Kara, the sex trafficking expert, recalls observing the trial of a human trafficking suspect in Torino several years ago, when one of her victims was called to the witness box. The witness, he says, “went into a fit. She couldn’t do it. She couldn’t talk about it. She was just in complete terror.” The case was unable to proceed, for lack of testimony.
Frustrated with her inability to prosecute traffickers in Nigeria, NAPTIP’S Director General Julie Okah-Donli asked for an audience with the Oba to discuss the issue of the oaths. Though the organization had arrested several of the priests, and used them as prosecution witnesses in court, national laws against trafficking were not enough to stop the trade. “This is a case where we need stronger intervention,” she says. “Because when the Oba speaks, the whole town shakes.” Now that more women are free to testify against their abusers, she expects the number of successful convictions to go up.
With the juju oaths in place, few traffickers needed to resort to the usual tactics of intimidation, corruption and threats that enable the trade to flourish in other countries. That is now likely to change. Already NAPTIP’s office in Benin City says it is seeing cases of intimidation and beatings against women who refuse to pay off their debts, and threats against those who have been asked to testify.
It also overlooks the fact that in many cases, parents and close relatives are implicated in the trafficking. “There will be more people willing to speak up,” because of the Oba’s pronouncement, says Edo State Attorney General Yinka Omorogbe, who heads up the anti-trafficking task force, “But it’s not so straight forward. You still don’t want to speak when the trafficker is your mother or father.”
Okoduwa, who once traveled to Libya with the intention of making it to Europe, only to suffer for several years there as an indentured laborer, knows all too well that in most cases trafficking is just migration gone wrong. The Oba’s curse will likely make sex trafficking less lucrative and more risky, he says, but young Nigerians will continue to put their lives in the hands of unscrupulous human smugglers as long as they feel that there are not enough opportunities at home.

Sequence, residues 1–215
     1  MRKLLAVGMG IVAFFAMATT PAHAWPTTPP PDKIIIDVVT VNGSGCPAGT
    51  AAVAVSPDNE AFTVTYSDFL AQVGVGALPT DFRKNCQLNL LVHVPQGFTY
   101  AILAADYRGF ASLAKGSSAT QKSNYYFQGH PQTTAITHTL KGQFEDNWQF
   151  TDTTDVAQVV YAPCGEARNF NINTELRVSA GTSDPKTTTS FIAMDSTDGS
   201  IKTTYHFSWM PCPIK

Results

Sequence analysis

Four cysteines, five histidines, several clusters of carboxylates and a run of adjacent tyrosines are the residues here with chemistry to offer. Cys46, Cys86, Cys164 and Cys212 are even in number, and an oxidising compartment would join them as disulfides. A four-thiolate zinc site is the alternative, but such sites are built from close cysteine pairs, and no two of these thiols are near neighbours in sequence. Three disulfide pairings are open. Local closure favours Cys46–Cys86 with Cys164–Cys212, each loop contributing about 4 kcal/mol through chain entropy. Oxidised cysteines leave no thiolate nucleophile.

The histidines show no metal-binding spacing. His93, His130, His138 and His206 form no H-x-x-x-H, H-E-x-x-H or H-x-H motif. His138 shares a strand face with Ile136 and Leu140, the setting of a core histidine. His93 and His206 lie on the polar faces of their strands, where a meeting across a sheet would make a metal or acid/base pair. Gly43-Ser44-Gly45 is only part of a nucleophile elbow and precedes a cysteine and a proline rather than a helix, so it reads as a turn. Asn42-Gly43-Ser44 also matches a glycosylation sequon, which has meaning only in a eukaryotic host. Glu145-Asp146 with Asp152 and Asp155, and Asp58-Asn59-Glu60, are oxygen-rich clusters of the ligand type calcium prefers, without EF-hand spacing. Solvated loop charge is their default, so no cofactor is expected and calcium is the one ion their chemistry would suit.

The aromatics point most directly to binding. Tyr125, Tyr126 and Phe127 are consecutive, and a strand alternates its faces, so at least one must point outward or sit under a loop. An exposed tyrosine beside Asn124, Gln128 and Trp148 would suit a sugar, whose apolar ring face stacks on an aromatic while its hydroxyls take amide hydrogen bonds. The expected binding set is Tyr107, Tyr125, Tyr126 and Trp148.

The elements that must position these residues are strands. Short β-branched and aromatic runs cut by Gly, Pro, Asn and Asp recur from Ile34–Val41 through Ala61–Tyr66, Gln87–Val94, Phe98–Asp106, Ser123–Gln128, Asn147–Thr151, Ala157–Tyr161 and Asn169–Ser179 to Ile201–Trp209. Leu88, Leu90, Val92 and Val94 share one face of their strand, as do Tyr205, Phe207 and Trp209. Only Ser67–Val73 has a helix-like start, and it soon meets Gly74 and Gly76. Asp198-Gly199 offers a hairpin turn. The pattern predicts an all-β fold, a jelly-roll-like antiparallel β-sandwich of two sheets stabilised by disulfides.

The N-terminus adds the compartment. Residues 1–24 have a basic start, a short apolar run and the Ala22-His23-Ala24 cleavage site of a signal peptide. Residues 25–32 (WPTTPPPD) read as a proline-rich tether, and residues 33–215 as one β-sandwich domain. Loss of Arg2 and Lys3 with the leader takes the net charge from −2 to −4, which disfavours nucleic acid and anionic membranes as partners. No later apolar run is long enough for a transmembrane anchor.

Wealth never made it back to Italy to pay down her debt. She was stopped in transit in Istanbul for having suspicious paperwork, and sent back to Nigeria. She doesn’t know what happened to her madam, and for the past several years has been haunted by the idea that her oath was still binding. The Oba’s counter curse, she says, has been a huge relief. She just wishes it had come earlier. “When I think of all the girls who have suffered, like me, to pay off debts that were cruel and unjust… a lot of girls went through hell. Our lives could have been so different.”
Faith, meanwhile, just laments the lost opportunities. If the Oba had annulled the oaths a few years earlier, she might have been able to return to her family in Nigeria with something to show for her suffering. “Maybe then I could have made money for myself in Moscow. Because I knew how by then.”
Roland Nwoha of Idia Renaissance, an NGO that helps victims of human trafficking reintegrate into Nigerian society through vocational training and small business grants, has already heard of several incidents where madams, fearful of the Oba’s curse, have freed their victims. But others have said that the Oba’s powers can’t reach Europe, and the oaths are still binding. The Oba is revered, and his curses are feared, says Nwoha, “But this is also a modern society. Do these things still apply? Unless we see something happen to those madams who insist on being paid, or on traffickers who defy the Oba’s curse, people might not take it seriously.”
A spectacular bolt of lightning on one of the well-known traffickers would be great, he says, half-joking, but a series of mysterious deaths, maybe a few heart attacks or a string of car accidents among recalcitrant madams and traffickers would make a significant impact. “So we are just waiting, two, three, maybe six months, for something to happen. But after six months, a year, if nothing happens….” He shakes his head. “Oh no, it will be bad. The traffickers will be even more powerful, because they will show that they are even stronger than the Oba’s curse.”
With reporting by Lynsey Addario and Bamidele Oni / Benin City and Olayinka Oluwakuse / Lagos